When it comes to renters and pets in Ontario, there’s a great deal of misinformation out there which has clouded the facts and made it difficult to understand what the rules actually are. Ontario landlords can, in fact, refuse a tenant who they believe will move in with a pet. Once a tenant has signed a lease, however, an Ontario landlord cannot evict a tenant for simply owning and living with a pet.
However, this doesn’t mean that pet owners are suddenly immune to pet-related eviction. There are a number of legal reasons why a landlord might evict a pet owner from their property, including destruction to the property or disruption to neighbours or other tenants. Here’s how Toronto landlords can legally handle problems with pets and pet-owning tenants.
Can tenants in Ontario have pets?
Yes, tenants in Ontario can legally have pets once they’ve signed a rental agreement. If a landlord suspects a tenant will bring pets in their unit, they can legally choose to not rent to that person, but landlords have no recourse once the agreement has been made. Many landlords will typically ask about pets in their screening process, with some writing in a “no pets” clause into their agreement.
Once a tenant has signed an agreement, this clause generally loses all legitimacy, as even if a renter decides to bring a pet into the property, Ontario landlords can’t evict them simply for owning a pet. Toronto landlords are also not legally allowed to charge a pet deposit, despite some landlords doing so regularly. The only deposits a landlord can legally ask for is the last month’s rent and a returnable key deposit.
The rules regarding pet ownership are different for condominiums. If a regulation has been created in regards to pet ownership, everybody who signs the condo agreement must strictly adhere to the regulations. If these rules say pet ownership is not allowed, then eviction can take place at the discretion of the condo board, or a fine can be levied.
Under what circumstances can tenants be evicted for having pets?
Despite the rules being easily accessible to anybody, a popular misconception exists which states that pet owners can’t be evicted for having a pet. It’s important to understand that pet-owning tenants aren’t immune to eviction. If a pet is found to be destructive to the property (in ways which are well above mere cosmetic damage), or disruptive to neighbours or other tenants, landlords are within their legal rights to evict a tenant if a solution cannot be found.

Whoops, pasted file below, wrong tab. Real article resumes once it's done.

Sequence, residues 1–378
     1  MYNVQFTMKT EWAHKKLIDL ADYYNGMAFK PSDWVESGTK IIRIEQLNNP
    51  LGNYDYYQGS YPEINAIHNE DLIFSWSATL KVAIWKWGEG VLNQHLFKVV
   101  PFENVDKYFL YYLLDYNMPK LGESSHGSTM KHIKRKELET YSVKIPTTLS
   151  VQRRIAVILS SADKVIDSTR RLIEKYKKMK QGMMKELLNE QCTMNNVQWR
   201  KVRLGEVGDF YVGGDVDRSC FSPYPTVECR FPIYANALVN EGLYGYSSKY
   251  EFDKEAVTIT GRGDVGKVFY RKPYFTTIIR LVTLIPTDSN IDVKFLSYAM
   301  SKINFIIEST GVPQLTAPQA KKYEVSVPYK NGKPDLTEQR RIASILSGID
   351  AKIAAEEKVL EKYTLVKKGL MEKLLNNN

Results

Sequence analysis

Landlords can also evict pet owners if the number of pets they own is in contravention to local municipal bylaws or if the animal in question is dangerous or an illegal breed. Tenants who don’t clean up after their pets can also be legally evicted in Ontario, as this can lead to property damage or can interfere with the reasonable enjoyment of other tenants.
How landlords should handle problem pets
As with anything, landlords should take care to exercise every option before jumping to eviction. If a situation with a problem pet emerges, it’s recommended that landlords work with the tenant in question to solve the problem. If the problem cannot be solved or if tenants do not cooperate, then eviction might be the recommended course of action. Any attempts to solve the problem or any interactions in which the problem pet is discussed or solutions suggested should be documented by landlords as proof that they attempted to mediate the problem and that these attempts failed.
Landlords can legally evict tenants with pets which have caused destruction to the property (things like holes in the walls, extensive damage to carpet or flooring, etc.), disruptions to neighbours and other renters, failure to clean up after pets, failure to comply with municipal bylaws which limit the amount of pets people can own, or if the pet is proven to be dangerous or otherwise illegal.
Document the damage done to your property, any complaints from neighbours or other tenants and your attempts to solve the problem and include them with your filing at the Landlord and Tenant Board. With proper documentation and careful handling of the situation, the LTB will recognize that you have done your due diligence as a landlord and will be more likely to side with you in any potential dispute regarding the eviction of a problematic pet owner.
Being faced with a problem pet isn’t an enviable situation to be in, even for the most seasoned landlords. This is why it’s so important to enlist the services of an experienced Toronto property manager. Property management companies understand what to look for when it comes to tenant screening and can flag any potential problems so you aren’t faced with an ugly and time consuming dispute with pet owning tenants.
HighGate Properties is a leading provider of Toronto property management services, specializing in both commercial and residential property management. Our talented team will handle things like tenant screening, maintenance and repairs, and other time consuming aspects of being a landlord so you can tend to the people and things that matter most to you. To find out more about the property management services offered by HighGate, get in touch with our team today.